When the NOP willfully ignores guidance from the NOSB trouble is soon to follow.  Back in 2010, the NOSB ruled that hydroponics – crop production without soil – does not conform to the traditional definition of organic farming.  Despite this NOSB position, and shockingly, despite there being no certification standards for hydroponics by which to assess compliance, the NOP - bowing to corporate pressure - has been allowing organic certification of hydroponic operations.

     Two years ago, the Agraian Elders sent a letter NOP Administrator Miles McAvoy (drop down "Organizations" menu) criticizing NOP actions on hydroponics.  The NOP has also ignored our letter.

     In exasperation, a tractorcade protest (scroll to photo of orange tractor) against USDA-NOP’s arrogant behavior was organized by Vermont organic farmers in the resort town of Stowe where the NOSB was holding its Fall Meeting.  Speakers – including Maine’s Agrarian Elder Eliot Coleman – not only spoke against USDA misbehavior, but read specific citations from the USDA’s own groundbreaking Report and Recommendations on Organic Farming which in no uncertain terms described the foundational principle that organic farming must be soil-based. I believe they call that "Checkmate."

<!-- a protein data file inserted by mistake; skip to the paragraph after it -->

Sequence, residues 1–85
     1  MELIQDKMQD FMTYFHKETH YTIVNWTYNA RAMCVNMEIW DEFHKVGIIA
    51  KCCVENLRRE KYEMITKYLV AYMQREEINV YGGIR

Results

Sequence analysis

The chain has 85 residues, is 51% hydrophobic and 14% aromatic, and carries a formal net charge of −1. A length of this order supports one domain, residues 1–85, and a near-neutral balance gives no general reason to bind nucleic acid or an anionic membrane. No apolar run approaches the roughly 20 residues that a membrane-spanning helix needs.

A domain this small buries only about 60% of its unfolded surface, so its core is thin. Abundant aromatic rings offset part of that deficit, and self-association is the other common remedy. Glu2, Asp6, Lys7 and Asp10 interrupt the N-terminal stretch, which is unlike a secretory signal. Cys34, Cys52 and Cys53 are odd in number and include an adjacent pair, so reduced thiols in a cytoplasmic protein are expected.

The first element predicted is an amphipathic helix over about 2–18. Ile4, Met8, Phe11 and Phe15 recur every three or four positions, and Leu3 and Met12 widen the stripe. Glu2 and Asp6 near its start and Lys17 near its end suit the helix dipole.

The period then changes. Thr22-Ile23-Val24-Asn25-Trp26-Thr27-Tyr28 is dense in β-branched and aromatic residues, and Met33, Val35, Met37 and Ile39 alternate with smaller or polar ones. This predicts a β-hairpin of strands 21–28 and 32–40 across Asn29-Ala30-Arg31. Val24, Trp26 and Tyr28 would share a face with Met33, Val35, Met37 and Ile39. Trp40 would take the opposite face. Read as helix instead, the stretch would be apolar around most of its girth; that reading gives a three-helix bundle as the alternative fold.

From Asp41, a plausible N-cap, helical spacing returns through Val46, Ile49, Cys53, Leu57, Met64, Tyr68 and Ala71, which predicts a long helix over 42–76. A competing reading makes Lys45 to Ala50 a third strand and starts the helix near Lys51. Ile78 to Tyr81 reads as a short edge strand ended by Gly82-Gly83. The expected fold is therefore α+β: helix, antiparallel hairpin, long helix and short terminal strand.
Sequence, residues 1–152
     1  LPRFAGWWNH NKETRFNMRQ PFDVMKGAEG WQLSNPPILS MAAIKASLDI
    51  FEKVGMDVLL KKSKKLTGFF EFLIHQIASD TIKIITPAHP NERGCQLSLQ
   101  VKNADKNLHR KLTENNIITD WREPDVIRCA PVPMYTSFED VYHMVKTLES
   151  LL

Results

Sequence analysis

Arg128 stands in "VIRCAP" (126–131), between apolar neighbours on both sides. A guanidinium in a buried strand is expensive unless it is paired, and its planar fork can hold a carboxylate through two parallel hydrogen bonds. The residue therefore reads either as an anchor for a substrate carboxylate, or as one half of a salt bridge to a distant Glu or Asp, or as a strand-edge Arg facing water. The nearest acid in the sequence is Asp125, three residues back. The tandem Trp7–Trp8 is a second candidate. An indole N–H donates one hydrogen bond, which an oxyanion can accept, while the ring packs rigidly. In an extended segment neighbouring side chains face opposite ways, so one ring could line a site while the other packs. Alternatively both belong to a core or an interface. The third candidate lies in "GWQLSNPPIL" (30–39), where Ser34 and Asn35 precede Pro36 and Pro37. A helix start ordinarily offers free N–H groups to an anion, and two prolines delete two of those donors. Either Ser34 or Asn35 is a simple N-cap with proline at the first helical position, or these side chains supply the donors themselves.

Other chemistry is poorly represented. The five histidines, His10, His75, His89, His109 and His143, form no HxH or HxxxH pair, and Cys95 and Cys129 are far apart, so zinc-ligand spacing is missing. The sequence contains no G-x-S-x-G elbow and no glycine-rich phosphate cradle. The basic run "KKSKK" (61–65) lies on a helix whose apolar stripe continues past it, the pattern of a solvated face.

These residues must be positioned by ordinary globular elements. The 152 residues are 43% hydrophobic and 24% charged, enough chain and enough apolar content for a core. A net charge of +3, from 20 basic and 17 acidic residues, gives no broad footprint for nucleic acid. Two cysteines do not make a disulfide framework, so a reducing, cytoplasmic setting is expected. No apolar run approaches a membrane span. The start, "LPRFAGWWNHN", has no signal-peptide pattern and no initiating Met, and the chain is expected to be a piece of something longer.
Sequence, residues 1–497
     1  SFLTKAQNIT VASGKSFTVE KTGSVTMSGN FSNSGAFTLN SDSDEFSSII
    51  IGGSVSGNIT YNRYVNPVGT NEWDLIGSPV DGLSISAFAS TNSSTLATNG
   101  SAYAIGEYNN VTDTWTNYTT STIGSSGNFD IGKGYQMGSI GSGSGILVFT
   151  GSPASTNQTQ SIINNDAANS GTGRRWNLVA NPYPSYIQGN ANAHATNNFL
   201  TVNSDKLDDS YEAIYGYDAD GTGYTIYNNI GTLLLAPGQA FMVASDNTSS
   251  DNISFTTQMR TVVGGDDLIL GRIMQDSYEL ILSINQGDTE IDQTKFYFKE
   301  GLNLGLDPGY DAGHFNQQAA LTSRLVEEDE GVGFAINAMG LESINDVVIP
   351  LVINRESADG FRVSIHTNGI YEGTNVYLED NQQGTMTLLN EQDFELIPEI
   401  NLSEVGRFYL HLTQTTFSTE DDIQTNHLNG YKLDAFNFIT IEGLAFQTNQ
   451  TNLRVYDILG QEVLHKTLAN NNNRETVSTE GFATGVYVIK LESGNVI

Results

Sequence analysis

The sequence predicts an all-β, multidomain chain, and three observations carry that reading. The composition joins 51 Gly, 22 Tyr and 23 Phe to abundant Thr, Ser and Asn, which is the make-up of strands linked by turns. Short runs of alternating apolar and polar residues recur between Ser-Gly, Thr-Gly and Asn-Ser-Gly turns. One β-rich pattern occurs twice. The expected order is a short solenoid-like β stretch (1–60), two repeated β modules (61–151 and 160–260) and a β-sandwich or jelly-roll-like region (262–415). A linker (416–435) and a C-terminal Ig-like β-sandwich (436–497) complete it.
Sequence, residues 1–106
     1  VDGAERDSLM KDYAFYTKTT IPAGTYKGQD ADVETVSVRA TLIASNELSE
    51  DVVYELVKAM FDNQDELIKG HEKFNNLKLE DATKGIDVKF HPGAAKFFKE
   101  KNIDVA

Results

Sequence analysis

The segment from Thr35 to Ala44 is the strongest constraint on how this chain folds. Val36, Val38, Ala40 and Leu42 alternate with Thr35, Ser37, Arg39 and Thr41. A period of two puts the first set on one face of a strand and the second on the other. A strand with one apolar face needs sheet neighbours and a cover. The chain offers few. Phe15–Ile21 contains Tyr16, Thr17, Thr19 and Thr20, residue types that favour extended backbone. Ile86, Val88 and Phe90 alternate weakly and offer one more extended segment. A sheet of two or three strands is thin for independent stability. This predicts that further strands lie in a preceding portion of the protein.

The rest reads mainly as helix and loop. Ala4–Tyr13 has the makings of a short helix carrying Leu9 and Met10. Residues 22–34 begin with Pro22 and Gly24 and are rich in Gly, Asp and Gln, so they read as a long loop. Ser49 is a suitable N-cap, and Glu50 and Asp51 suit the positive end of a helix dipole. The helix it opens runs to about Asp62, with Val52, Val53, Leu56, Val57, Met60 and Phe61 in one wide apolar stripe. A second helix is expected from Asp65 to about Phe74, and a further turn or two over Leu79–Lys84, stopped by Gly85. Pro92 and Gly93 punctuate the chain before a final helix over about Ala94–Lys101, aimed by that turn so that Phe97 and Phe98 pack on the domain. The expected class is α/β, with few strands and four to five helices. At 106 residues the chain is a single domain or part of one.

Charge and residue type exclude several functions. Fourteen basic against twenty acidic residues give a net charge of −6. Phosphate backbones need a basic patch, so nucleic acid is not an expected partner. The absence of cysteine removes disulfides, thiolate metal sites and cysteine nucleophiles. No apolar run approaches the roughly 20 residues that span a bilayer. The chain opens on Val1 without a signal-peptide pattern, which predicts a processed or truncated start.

To virtually unanimous support among independent organic stakeholders present in Vermont, many organic family farmers testified before the NOSB protesting the NOP’s allowance of hydroponics and calling for an immediate moratorium on the certifying of hydroponics operations.  Wood Prairie Farm’s Jim Gerritsen read a statement - entered into the public record - issued by the Agrarian Elders.  The statement reiterated the absolute clarity that organic must be soil-based and the illegitimacy of NOP’s actions allowing hydroponics. That statement appears immediately below.